Process • Undertook patient level modelling • Then asked to do practice level modelling

Process • Undertook patient level modelling • Then asked to do practice level modelling for implementation • Concerns about how well practice level models can be applied at patient level • Results were counter-intuitive (Ecological fallacy)

Ecological fallacy • Applying practice level variables to a patient population produces spurious and

Ecological fallacy • Applying practice level variables to a patient population produces spurious and counter-intuitive results • Well described statistical phenomenon • Practice level models don’t work

Additional model : (practice level data) Inclusion of all QOF disease prevalence values together

Additional model : (practice level data) Inclusion of all QOF disease prevalence values together in models showed some negative associations: e. g. CHD = 4. 7% lower rate Thyroid disease = 1. 1% lower rate both for a 1% increase in practice prevalence.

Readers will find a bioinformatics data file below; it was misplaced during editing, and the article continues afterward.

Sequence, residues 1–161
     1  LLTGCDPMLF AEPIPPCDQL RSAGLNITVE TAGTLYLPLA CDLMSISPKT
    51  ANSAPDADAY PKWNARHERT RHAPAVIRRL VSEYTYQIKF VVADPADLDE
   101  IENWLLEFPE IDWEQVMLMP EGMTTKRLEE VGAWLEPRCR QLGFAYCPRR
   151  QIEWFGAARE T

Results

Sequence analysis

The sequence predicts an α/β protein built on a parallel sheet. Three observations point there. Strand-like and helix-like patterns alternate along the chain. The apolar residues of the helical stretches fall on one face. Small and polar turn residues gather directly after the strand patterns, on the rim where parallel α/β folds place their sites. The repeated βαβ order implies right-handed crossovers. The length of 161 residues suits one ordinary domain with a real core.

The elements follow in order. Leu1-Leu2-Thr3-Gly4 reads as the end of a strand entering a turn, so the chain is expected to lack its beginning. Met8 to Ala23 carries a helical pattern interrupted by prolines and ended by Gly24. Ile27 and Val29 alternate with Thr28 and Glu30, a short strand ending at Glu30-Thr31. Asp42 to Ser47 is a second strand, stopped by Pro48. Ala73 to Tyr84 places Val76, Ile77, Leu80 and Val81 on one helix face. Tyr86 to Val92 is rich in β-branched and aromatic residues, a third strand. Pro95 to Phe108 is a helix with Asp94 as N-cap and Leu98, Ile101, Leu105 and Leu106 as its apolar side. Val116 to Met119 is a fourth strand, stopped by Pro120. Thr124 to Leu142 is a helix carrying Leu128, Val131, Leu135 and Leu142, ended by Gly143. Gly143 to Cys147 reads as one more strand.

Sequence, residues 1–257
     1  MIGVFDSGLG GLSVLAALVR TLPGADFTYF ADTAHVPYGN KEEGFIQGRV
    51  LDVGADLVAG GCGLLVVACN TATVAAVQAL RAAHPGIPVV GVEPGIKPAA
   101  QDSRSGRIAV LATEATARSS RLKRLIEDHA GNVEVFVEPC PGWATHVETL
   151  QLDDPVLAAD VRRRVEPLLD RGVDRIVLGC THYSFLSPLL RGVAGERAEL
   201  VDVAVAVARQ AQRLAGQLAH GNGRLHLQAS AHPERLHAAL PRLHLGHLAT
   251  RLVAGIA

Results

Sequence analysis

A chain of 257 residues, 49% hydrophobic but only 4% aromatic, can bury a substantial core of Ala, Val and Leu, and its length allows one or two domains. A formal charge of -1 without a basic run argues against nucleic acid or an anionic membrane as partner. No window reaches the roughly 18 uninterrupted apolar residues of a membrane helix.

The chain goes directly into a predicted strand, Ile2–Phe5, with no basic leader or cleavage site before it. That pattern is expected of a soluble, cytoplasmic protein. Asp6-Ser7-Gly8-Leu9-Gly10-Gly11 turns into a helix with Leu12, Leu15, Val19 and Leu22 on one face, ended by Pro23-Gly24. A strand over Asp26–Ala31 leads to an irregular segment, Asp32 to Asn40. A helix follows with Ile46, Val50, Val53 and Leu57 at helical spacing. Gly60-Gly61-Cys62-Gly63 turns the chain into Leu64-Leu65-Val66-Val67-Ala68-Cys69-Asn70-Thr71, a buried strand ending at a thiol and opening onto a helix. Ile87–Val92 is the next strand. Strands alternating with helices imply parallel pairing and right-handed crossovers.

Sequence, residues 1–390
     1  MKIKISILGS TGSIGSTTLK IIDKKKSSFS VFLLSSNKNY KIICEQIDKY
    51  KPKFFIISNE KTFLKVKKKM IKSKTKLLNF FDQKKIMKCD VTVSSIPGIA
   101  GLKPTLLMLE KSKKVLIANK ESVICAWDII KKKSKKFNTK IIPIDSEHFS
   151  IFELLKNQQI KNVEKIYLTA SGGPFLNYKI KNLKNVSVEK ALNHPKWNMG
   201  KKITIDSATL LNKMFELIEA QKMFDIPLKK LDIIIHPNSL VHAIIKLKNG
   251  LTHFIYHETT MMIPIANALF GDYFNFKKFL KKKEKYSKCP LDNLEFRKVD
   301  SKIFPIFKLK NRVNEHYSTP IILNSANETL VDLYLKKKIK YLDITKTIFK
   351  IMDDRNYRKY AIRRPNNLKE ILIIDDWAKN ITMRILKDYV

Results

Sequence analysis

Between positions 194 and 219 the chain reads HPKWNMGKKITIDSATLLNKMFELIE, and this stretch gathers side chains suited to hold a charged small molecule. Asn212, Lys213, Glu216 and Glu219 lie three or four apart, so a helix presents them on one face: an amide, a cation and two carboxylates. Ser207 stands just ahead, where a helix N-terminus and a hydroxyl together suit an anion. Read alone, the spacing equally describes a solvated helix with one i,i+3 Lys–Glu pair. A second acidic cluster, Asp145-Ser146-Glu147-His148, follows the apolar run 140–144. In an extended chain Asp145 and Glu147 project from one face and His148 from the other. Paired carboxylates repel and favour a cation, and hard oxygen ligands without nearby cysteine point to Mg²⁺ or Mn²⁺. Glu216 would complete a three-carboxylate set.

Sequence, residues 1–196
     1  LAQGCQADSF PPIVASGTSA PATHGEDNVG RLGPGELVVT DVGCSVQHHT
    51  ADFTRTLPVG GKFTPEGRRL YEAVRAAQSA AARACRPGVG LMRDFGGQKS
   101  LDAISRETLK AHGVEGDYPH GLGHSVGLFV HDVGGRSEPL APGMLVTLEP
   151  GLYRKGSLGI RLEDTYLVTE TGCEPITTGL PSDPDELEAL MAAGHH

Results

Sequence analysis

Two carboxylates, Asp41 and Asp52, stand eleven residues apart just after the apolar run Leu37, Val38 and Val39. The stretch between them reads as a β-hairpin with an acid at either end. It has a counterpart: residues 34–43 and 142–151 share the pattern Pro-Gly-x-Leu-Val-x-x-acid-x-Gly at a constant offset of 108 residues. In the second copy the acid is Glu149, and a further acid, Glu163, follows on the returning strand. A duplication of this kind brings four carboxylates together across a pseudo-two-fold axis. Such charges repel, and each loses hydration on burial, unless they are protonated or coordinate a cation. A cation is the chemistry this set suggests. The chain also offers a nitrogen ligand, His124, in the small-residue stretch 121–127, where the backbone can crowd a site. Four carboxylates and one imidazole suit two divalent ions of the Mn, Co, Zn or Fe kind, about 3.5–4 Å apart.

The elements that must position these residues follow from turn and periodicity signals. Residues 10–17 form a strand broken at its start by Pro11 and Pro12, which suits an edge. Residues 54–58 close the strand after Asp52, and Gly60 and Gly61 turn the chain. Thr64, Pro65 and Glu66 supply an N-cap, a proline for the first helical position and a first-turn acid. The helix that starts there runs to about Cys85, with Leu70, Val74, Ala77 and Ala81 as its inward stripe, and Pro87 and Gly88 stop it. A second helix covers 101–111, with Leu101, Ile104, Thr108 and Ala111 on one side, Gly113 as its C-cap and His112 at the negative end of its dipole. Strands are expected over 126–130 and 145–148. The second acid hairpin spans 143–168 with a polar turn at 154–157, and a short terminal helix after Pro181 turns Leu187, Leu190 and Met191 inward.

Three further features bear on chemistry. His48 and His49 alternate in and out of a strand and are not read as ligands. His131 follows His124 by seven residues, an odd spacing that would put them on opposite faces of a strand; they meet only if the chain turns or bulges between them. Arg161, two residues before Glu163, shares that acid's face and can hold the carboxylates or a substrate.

Additional model: Townsend score Inclusion of mean practice Townsend score showed a negative association:

Additional model: Townsend score Inclusion of mean practice Townsend score showed a negative association: Consultation rates were 2. 9% lower for a 1 unit increase in mean practice Townsend score

FRG review • Requested additional patient level model WITHOUT prevalence (model 18) • Key

FRG review • Requested additional patient level model WITHOUT prevalence (model 18) • Key comparison then is patient level with and without prevalence

Explanatory power Akaike Information criterion • AIC statistical test for explanatory power • Lower

Explanatory power Akaike Information criterion • AIC statistical test for explanatory power • Lower values indicator better models • Absolute value increases with sample size • Relative difference more important

AIC results Both models patient level, person years denominator, age-sex, rurality, ethnicity Model 7

AIC results Both models patient level, person years denominator, age-sex, rurality, ethnicity Model 7 b AIC = 16, 415, 351 – Townsend quintile – Prevalence – No region Model 18 – Townsend continuous – No prevalence – Region AIC = 16, 763, 190

Summary • Person years adjustment give better fit for new registrations/TRs • Patient level

Summary • Person years adjustment give better fit for new registrations/TRs • Patient level analyses produce intuitively acceptable results • Practice level analyses counterintuitive results likely to lead to controversy (ecological fallacy) • Comparisons between patient level models with and without prevalence are presented for Plenary’s consideration